Danny had moved up to P5 with Mackenzie’s retirement. As his rear tyre started to lose grip he could not maximise his corner exits and approach speed which meant he could not defend and run his optimum lines. Eventually he slipped back into the fight Lee was having with Ray and Bridewell. Danny crossed the line P9, which soon became P8 as Andrew Irwin was put back a place for exceeding track limits as he repassed Danny out of the final corner. Danny’s rear tyre was a mess and an issue with his front brake performance had not helped.
Lee headed row two in P4, courtesy of his best lap time in race two. Danny would line up right behind him in P7, both on the outside of the grid.
Danny’s turn to have a difficult first few corners. Dropping back to P10 he was caught up in the scrapping pack with his lap time suffering accordingly and getting pushed back further to P12 on lap four. He spent a frustrating race dicing with Mossey and could not make a break. When he was in clearer air Danny was lapping at the same speed as Lee, but by then Lee was well up the road. Eventually finishing P11, Danny’s race emphasied the trials and tribulations of racing on a circuit which is so different from the others we visit.
Lee lost only a couple of places off the start this time, but he had competitive race pace and was hard on the back of the leading group. In fact, he spent 16 laps stuck to the back wheel of Brookes’ Ducati. If only he could have made a move stick as Brookes dropped off the leaders. Lee had the pace and would have passed Iddon who was once more suffering tyre degradation. In the event, Bridewell pipped him again and Lee ended his day crossing the line P8 but with the three Ducatis immediately in from of him. Less than half a second covered the four of them – the difference between P5 and P8.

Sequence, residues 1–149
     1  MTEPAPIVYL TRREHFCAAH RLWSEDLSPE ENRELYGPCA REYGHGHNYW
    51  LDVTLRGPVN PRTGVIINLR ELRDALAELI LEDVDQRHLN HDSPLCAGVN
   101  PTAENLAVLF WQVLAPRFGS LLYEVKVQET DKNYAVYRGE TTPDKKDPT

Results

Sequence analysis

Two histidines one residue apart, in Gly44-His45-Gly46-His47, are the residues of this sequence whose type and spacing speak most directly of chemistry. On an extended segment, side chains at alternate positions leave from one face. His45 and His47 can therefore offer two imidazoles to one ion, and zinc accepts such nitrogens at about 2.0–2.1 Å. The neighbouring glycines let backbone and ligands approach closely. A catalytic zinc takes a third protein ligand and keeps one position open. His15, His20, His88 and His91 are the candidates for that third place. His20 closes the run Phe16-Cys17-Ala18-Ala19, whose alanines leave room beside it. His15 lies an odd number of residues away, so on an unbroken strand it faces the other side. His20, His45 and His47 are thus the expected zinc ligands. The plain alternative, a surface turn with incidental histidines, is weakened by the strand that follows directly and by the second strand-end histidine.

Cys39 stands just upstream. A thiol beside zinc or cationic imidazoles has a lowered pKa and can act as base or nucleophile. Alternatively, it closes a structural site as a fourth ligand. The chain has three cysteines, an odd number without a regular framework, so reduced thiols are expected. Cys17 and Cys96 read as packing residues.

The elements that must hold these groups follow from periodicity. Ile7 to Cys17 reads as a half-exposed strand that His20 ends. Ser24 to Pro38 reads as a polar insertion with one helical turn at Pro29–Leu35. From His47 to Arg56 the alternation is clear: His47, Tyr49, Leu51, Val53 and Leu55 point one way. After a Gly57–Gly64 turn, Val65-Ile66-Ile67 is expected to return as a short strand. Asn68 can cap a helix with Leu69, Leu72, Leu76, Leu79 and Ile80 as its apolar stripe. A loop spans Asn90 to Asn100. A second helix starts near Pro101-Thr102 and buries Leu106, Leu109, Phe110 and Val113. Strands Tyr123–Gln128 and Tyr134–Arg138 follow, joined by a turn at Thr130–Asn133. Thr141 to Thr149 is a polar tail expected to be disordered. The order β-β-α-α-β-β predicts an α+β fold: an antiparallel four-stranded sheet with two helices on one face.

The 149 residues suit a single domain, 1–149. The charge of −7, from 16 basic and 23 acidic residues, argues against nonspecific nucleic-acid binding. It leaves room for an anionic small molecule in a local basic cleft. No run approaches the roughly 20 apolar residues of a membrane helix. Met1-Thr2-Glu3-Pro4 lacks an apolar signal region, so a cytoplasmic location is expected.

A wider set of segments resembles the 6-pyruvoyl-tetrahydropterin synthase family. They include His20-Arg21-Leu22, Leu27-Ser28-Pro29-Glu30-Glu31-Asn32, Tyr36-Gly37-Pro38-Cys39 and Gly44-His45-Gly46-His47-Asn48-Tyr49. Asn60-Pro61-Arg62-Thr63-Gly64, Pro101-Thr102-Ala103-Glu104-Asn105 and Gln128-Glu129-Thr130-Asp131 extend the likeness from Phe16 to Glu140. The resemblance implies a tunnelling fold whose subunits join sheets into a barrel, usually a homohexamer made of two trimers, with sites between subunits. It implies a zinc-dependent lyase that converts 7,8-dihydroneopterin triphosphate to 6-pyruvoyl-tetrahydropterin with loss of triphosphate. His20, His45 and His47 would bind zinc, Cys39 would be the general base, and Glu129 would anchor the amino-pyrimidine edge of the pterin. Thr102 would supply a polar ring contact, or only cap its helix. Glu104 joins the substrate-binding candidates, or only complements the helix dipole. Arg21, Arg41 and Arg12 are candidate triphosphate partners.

Meanwhile, congratulations to Kyle Ryde, first time and double race winner on his Suzuki. His first superbike race was with FS-3 as a stand in rider at Brands Hatch for the final round of the 2017 season.
Lee added another 26 points to his haul and now stands on 78 placing him P9 in the table, five behind Andrew Irwin. Danny’s three DNFs are hurting him so he is a couple of places further back from Lee in the standings. Such a short, intensive season with three races per round is throwing up some interesting results and making things hard to predict. So far, seven different winners.
Oulton Park. Back to a traditional riders’ track. Lee upped the superstock 1000 lap record there last year and Danny is always a front runner. We are all looking forward to converting the speed of our Kawasakis, as demonstrated by Danny’s two pole positions, into some solid results and hopefully a podium or two.
We are still awaiting news on the spectator attendance front, so it may have to be another weekend in front of the television.
Nigel. Team Principal.
P.S. Thank you, as always, to Tim at Impact Images for the excellent images of our team in action. Superb job!